The Denver Justice and Peace Committee is dedicated to promoting human rights in Latin America through education, solidarity projects, and nonviolent activism. Expanding on these goals, DJPC has recently formed MineWatch, a group that responds to the issue of gold mining as a human rights concern in Central and South America.
What MineWatch does: We at MineWatch are campaigning to hold Newmont Mining Corporation accountable to the people of Peru. Our first step in creating transparency has been spreading community awareness. These outreach efforts have focused on providing presentations to organizations and schools in the Denver area to educate the community about the Peruvian struggle for human rights. Peruvians, specifically located in Celendin, are protesting for their right to water. They are also protesting against the construction of a new mine, Minera Conga, that would threaten the environment, human/animal health, and ultimately life in Peru.
“Agua si, oro no!”
“Yes Water, No Gold!”
For Peruvians, and every human being on the planet, water means life. Water is a vital resource that people need for nourishment, growing crops and maintaining healthy animals. Water is literally life. Humans can’t live without it. Gold, on the other hand, is not life; humans can’t nourish their bodies, grow strong crops, or feed it to animals.
In 1992, Newmont began operations in the city of Cajamarca, beginning what is now the largest gold mining site in all of South and Central America, known as Minera Yanacocha. Yanacocha is an open-pit mine that spans 63,700 acres. That’s the size of nearly 1800 football fields, lengthwise. For the past two decades, the people of Cajamarca have endured environmental degradation and health problems. The environmental issues have drastically affected the water in Cajamarca. Yanacocha Lake, which was once at the heart of the mining site, is now depleted. Changes in the water supply have occurred because Newmont’s mining operations require millions of gallons of water each year. And once the water is used, the contaminated water is put back into rivers and lakes. Cajamarcans have noticed water contamination, in the form of acid mine drainage, in which heavy metals have saturated streams and rivers. Several other lakes have dried up and rivers flow at a slower rate, affecting irrigation practices in the region.
Environmental destruction is not the only problem that Newmont has brought to Peru. The biggest gold mining corporation in the world has also violated Peruvian human rights. On July 3, 2012, five protestors were killed at a peaceful protest in Lima, Peru. Although Newmont denies responsibility for five innocent deaths, the company has a para-military security group, known as FORZA, which uses lethal force to suppress and instill fear into Peruvians.
DJPC’s Colorado/Maya Accompaniment Project of the Sierra (CAMINOS) sponsors human rights observers who accompany witnesses seeking justice in legal cases against former military dictators in Guatemala. Promesa, a program of CAMINOS, is a partnership that seeks to improve overall health and primary care delivery for the isolated rural village of Tesorito, Guatemala, by supporting the community’s own existing health structures, and the local heath workers who serve as volunteers. The CAMINOS Steering Committee oversees these efforts.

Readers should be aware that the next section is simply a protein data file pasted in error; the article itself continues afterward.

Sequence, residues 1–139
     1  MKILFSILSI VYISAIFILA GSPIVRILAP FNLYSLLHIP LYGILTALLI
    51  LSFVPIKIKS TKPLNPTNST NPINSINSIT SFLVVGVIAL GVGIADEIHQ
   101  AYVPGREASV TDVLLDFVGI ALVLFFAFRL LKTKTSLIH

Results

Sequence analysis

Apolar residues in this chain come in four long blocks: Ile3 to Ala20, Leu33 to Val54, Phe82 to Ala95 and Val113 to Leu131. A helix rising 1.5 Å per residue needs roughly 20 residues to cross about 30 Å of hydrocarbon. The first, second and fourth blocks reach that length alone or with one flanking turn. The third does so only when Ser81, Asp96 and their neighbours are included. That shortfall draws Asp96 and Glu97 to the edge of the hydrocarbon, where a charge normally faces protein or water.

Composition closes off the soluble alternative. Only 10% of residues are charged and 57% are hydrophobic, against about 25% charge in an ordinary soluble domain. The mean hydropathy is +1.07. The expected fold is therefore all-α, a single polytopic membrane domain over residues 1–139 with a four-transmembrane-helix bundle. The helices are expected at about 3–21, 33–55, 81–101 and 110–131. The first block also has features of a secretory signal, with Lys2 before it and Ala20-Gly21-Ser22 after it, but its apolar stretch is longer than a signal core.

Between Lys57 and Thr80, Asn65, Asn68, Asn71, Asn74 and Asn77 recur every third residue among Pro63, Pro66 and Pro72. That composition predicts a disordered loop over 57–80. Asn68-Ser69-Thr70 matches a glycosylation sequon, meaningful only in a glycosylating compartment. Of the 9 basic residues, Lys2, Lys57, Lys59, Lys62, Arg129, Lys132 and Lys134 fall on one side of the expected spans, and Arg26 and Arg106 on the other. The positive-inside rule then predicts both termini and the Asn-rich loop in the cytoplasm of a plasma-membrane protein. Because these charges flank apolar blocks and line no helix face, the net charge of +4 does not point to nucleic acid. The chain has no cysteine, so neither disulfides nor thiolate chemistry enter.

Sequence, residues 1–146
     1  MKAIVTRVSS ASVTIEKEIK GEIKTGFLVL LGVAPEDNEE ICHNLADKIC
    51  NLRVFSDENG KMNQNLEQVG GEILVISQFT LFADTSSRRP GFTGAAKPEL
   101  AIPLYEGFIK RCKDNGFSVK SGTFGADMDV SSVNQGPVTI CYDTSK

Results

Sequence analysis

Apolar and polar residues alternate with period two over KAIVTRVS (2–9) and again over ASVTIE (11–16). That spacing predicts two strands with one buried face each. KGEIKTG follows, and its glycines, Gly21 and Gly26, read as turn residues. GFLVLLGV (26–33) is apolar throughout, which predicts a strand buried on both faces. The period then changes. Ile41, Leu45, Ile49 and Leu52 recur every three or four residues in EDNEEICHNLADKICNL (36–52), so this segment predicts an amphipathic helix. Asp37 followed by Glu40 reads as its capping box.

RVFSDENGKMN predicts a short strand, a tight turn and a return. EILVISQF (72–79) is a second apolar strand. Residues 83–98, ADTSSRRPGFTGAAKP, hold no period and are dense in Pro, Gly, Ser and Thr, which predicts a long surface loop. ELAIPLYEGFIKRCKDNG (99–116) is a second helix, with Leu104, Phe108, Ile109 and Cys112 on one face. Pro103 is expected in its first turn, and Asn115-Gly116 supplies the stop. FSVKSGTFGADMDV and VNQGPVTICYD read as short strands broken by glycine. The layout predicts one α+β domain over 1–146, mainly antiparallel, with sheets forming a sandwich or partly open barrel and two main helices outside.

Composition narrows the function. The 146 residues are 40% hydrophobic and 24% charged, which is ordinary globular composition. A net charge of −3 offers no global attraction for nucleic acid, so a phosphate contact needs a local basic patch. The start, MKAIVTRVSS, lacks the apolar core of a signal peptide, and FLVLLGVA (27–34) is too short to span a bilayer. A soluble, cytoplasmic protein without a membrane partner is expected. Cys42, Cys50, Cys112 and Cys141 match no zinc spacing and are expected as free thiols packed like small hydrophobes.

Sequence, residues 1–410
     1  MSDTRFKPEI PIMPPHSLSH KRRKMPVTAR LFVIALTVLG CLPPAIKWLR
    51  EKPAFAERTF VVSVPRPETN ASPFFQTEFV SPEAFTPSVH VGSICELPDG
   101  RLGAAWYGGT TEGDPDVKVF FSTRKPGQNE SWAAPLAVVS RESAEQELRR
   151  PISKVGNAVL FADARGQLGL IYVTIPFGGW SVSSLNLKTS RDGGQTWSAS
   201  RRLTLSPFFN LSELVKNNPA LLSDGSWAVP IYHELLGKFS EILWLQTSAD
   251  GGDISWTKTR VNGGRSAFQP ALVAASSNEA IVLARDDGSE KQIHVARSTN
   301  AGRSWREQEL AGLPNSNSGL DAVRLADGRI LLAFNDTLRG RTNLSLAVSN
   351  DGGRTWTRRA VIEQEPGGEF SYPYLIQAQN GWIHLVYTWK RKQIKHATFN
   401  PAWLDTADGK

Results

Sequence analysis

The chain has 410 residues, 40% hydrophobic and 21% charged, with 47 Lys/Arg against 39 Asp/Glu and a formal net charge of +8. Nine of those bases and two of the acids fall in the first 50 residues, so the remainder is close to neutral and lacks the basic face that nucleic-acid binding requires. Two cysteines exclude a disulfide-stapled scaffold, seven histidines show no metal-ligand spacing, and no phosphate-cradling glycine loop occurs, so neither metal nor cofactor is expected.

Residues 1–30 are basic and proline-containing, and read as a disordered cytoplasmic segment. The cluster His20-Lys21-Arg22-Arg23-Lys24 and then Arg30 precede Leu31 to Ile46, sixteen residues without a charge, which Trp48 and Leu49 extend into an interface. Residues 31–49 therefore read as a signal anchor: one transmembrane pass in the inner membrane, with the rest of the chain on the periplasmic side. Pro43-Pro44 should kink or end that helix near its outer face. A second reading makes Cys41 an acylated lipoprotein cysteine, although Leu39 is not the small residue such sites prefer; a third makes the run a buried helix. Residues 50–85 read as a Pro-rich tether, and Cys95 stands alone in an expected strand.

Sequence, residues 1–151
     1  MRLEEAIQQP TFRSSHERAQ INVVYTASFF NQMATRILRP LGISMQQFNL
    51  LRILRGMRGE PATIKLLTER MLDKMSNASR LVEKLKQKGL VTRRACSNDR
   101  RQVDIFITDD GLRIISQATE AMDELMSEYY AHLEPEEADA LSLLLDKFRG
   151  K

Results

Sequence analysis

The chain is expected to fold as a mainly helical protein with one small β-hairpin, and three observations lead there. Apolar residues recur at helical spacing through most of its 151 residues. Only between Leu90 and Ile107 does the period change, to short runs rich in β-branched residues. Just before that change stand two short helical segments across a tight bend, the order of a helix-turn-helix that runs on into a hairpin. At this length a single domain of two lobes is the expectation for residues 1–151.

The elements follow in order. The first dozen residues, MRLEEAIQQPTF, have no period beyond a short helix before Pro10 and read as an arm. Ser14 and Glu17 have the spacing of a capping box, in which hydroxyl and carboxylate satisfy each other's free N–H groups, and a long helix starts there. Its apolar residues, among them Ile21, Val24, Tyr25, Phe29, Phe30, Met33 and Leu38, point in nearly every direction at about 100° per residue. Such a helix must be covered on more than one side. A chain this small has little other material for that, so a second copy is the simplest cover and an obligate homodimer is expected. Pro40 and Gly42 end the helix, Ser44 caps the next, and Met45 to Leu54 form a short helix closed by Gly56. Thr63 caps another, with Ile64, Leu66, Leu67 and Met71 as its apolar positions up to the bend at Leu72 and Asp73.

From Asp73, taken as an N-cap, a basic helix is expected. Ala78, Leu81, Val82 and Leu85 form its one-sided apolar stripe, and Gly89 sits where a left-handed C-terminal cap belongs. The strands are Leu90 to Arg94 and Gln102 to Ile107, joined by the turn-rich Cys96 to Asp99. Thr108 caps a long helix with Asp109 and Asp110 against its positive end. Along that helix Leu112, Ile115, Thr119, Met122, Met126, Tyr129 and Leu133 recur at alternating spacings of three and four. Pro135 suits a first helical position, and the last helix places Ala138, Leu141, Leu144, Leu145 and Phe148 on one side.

Guatemala’s 36-year civil war led to the death and disappearance of more than 200,000 Guatemalan civilians and created hundreds of thousands of refugees and displaced people, most of whom were indigenous Maya. CAMINOS was created in 1996 to respond to a request for human rights observers or accompaniers by the “Communities of Population in Resistance of the Sierra” (CPR-Sierra). The people of the CPR-Sierra are Ixil and K’iche’ Mayas who survived the Guatemalan Army’s “scorched earth campaign” of the 1980s and fled to remote forests and mountains. For 15 years they struggled to survive; many died from army attacks, illness, hunger and exposure. At the end of the war, with the help of international support and human rights accompaniers, the CPRSierra families came out of hiding to establish new communities across the country. An international presence in Guatemala has become even more important since 2000 as courageous survivors brought legal cases to a Guatemalan court. They are charging former military dictators with genocide against the indigenous population.
The witnesses in these cases have formed the Association for Justice and Reconciliation and have requested international accompaniment. CAMINOS has shifted its focus to accompaniment for these witnesses as long as it is necessary. Guatemalans still face the same issues today that were at the root of the armed conflict — widespread poverty, underdevelopment in rural areas, and continued discrimination against the indigenous majority. Justice for victims of human rights abuses committed during the civil war continues to be compromised largely because of a culture of repression and violence that is perpetuated by those in power. Since January 2000, threats, assaults and assassinations have increased against Guatemalan labor unions, peasant and indigenous groups, and other organizations working for justice and human rights.
“We deserve justice. We will continue to struggle until we have it. As long as I’m alive, I will look to that day.” - Jacinta Raymundo, witness in genocide case.
What CAMINOS does
- Provides human rights accompaniers for witnesses testifying in genocide cases.
- Responds to human rights abuses in Guatemala through an Urgent Action Network.
- Facilitates exchanges between people of Guatemala and the US.
- Educates Coloradans and elected representatives about current and historic issues in Guatemala